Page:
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Publications

My most recent paper is a note in which we prove a quenched functional central limit theorem for a random walk on a supercritical Galton-Watson tree with leaves; a preprint is available on arXiv.

Title: A quenched central limit theorem for biased random walks on supercritical Galton-Watson trees

Abstract: In this note, we prove a quenched functional central limit theorem for a biased random walk on a supercritical Galton-Watson tree with leaves. This extends a result of Peres and Zeitouni (2008) where the case without leaves is considered. A conjecture of Ben Arous and Fribergh (2016) suggests an upper bound on the bias which we observe to be sharp.

My second paper proves central limit theorems for randomly trapped random walks and applies the results to random walks on subcritical Galton-Watson trees; a preprint is available on arXiv.

Title: Central limit theorems for biased randomly trapped random walks on $\mathbb{Z}$

Abstract: We prove CLTs for biased randomly trapped random walks in one dimension. In particular, we will establish an annealed invariance principal by considering a sequence of regeneration times under the assumption that the trapping times have finite second moment. In a quenched environment, an environment dependent centring is determined which is necessary to achieve a central limit theorem. As our main motivation, we apply these results to biased walks on subcritical Galton-Watson trees conditioned to survive and prove a tight bound on the bias required to obtain such limiting behaviour.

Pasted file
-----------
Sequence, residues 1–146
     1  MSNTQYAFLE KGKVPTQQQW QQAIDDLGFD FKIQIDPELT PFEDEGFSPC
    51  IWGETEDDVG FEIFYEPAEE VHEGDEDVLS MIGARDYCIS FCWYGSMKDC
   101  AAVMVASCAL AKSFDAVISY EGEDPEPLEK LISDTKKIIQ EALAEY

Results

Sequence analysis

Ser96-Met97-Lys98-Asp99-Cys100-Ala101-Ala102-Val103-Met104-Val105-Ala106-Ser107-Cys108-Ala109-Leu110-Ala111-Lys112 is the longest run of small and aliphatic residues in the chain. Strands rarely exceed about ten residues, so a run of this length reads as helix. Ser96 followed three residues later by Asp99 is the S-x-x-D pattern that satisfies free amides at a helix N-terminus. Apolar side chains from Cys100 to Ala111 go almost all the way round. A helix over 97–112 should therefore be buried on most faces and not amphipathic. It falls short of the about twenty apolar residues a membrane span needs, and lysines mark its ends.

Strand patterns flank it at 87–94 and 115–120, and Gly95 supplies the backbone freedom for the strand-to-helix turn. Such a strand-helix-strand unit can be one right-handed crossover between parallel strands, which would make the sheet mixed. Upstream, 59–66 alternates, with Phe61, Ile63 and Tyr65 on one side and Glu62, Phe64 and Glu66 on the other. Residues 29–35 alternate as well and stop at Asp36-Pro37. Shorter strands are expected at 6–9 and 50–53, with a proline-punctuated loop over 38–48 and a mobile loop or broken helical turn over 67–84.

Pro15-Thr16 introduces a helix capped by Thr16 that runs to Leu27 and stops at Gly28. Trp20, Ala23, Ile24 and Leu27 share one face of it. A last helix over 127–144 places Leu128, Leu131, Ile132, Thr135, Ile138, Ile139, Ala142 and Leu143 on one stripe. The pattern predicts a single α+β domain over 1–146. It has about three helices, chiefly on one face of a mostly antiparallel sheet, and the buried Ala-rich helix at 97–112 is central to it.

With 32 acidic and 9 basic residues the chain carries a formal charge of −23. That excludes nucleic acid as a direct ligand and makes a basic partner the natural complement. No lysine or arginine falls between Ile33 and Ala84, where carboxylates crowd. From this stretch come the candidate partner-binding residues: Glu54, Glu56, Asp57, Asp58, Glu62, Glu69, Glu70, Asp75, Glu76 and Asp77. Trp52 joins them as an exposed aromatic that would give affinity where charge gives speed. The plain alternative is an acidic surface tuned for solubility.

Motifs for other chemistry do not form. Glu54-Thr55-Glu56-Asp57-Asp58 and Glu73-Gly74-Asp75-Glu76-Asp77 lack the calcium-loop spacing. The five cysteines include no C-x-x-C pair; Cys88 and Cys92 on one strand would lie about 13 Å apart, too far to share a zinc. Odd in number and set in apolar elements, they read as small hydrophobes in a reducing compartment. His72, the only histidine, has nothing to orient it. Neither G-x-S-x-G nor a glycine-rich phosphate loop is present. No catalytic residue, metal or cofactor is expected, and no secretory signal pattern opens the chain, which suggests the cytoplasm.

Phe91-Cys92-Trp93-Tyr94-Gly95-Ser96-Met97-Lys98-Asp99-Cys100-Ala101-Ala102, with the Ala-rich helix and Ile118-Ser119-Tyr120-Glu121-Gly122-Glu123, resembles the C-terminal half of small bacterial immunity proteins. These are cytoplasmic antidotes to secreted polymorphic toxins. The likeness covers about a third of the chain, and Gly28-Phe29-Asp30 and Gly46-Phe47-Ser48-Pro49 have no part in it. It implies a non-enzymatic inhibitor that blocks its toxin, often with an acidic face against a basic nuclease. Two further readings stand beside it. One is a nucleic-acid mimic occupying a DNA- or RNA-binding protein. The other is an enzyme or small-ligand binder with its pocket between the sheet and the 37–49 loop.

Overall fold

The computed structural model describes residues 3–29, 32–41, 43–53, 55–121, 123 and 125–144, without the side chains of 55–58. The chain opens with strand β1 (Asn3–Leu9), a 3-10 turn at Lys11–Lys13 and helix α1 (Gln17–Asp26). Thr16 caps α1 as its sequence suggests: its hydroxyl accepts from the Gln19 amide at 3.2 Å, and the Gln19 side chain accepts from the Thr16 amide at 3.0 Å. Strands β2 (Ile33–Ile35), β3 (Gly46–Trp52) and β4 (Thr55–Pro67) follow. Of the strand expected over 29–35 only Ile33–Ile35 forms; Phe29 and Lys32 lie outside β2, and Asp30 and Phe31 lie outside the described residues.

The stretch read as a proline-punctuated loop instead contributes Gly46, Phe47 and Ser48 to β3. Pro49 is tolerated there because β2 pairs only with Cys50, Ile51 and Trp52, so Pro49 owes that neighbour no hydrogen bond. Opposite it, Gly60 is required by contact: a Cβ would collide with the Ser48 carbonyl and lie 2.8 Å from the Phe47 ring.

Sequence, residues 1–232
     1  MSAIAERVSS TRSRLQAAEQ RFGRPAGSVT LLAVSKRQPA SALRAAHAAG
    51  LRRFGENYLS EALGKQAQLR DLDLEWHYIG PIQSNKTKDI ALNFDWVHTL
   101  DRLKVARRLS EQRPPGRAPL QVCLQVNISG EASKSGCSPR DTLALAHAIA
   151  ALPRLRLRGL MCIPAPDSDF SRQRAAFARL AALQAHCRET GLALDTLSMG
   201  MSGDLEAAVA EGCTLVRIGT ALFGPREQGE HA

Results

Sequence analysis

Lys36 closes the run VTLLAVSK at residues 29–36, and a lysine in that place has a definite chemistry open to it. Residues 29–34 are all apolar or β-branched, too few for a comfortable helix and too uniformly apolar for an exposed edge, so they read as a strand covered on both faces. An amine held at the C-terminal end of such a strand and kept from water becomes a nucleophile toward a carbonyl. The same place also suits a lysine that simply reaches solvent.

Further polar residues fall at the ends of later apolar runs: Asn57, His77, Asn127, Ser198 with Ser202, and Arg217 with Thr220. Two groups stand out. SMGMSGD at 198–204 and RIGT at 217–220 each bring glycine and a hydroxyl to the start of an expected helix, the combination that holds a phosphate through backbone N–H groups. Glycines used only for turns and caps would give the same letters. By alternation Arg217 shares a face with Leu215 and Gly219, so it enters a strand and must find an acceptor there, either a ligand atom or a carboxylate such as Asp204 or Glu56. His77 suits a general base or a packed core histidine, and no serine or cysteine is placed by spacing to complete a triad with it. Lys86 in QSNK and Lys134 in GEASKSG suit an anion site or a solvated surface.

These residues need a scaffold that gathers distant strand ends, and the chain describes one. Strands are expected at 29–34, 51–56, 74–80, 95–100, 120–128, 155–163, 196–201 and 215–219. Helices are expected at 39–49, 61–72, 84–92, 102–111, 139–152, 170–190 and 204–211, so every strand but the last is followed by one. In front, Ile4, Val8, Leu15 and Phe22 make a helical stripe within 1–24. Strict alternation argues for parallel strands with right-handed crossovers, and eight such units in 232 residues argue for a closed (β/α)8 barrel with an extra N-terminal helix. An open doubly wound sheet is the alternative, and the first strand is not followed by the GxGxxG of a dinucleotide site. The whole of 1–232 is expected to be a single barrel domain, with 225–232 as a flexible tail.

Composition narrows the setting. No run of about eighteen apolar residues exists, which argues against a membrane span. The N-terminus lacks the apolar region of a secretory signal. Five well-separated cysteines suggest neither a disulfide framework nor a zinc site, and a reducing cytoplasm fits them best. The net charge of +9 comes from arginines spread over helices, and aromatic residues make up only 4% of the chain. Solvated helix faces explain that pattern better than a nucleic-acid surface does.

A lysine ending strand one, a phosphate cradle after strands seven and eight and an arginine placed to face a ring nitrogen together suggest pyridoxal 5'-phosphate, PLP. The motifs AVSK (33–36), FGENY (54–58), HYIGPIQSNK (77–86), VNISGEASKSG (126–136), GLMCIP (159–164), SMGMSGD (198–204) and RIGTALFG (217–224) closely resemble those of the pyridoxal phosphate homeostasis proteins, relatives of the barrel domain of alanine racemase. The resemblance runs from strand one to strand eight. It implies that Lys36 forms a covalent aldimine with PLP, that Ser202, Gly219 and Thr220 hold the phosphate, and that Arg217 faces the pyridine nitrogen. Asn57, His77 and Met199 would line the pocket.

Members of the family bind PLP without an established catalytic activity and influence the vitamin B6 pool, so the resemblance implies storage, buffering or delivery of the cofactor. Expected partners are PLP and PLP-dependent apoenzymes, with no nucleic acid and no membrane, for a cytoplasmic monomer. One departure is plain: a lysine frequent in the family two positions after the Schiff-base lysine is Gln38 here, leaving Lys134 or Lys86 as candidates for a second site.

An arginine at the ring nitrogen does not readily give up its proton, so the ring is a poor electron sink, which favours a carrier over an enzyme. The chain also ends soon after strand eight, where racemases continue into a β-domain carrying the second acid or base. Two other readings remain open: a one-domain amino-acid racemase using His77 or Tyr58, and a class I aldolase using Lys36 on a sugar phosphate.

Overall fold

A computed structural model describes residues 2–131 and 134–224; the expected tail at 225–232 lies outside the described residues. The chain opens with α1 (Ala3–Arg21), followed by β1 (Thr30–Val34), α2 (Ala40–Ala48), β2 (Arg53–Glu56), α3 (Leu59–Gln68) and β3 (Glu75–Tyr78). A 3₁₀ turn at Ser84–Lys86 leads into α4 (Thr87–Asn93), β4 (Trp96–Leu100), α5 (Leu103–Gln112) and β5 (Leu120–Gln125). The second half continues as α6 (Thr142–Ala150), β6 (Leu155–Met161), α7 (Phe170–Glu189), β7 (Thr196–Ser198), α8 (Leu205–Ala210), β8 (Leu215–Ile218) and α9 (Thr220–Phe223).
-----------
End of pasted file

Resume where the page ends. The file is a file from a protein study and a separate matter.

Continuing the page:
My oldest paper studies biased random walks on Galton-Watson trees in the sub-ballistic regime; this has been published in Probability Theory and Related Fields.

Title: Escape regimes of biased random walks on Galton-Watson trees

Abstract: We study biased random walk on subcritical and supercritical Galton-Watson trees conditioned to survive in the transient, sub-ballistic regime. By considering offspring laws with infinite variance, we extend previously known results for the walk on the supercritical tree and observe new trapping phenomena for the walk on the subcritical tree which, in this case, always yield sub-ballisticity. This is contrary to the walk on the supercritical tree which always has some ballistic phase.